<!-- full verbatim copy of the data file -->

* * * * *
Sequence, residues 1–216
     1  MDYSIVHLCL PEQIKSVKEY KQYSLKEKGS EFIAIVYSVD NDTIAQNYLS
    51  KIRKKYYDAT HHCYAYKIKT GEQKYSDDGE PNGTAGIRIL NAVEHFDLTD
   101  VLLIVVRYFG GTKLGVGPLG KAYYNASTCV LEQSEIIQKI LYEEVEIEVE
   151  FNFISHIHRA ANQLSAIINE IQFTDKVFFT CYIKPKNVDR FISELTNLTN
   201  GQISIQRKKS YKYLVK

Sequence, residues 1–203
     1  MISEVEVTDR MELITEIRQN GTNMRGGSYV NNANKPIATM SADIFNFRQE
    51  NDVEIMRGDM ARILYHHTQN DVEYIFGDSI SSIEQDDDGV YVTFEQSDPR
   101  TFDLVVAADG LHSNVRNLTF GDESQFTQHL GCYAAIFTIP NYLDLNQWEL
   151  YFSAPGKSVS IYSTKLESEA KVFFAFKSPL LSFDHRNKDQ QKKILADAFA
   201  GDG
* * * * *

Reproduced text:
Sequence, residues 1–216
     1  MDYSIVHLCL PEQIKSVKEY KQYSLKEKGS EFIAIVYSVD NDTIAQNYLS
    51  KIRKKYYDAT HHCYAYKIKT GEQKYSDDGE PNGTAGIRIL NAVEHFDLTD
   101  VLLIVVRYFG GTKLGVGPLG KAYYNASTCV LEQSEIIQKI LYEEVEIEVE
   151  FNFISHIHRA ANQLSAIINE IQFTDKVFFT CYIKPKNVDR FISELTNLTN
   201  GQISIQRKKS YKYLVK

Sequence, residues 1–203
     1  MISEVEVTDR MELITEIRQN GTNMRGGSYV NNANKPIATM SADIFNFRQE
    51  NDVEIMRGDM ARILYHHTQN DVEYIFGDSI SSIEQDDDGV YVTFEQSDPR
   101  TFDLVVAADG LHSNVRNLTF GDESQFTQHL GCYAAIFTIP NYLDLNQWEL
   151  YFSAPGKSVS IYSTKLESEA KVFFAFKSPL LSFDHRNKDQ QKKILADAFA
   201  GDG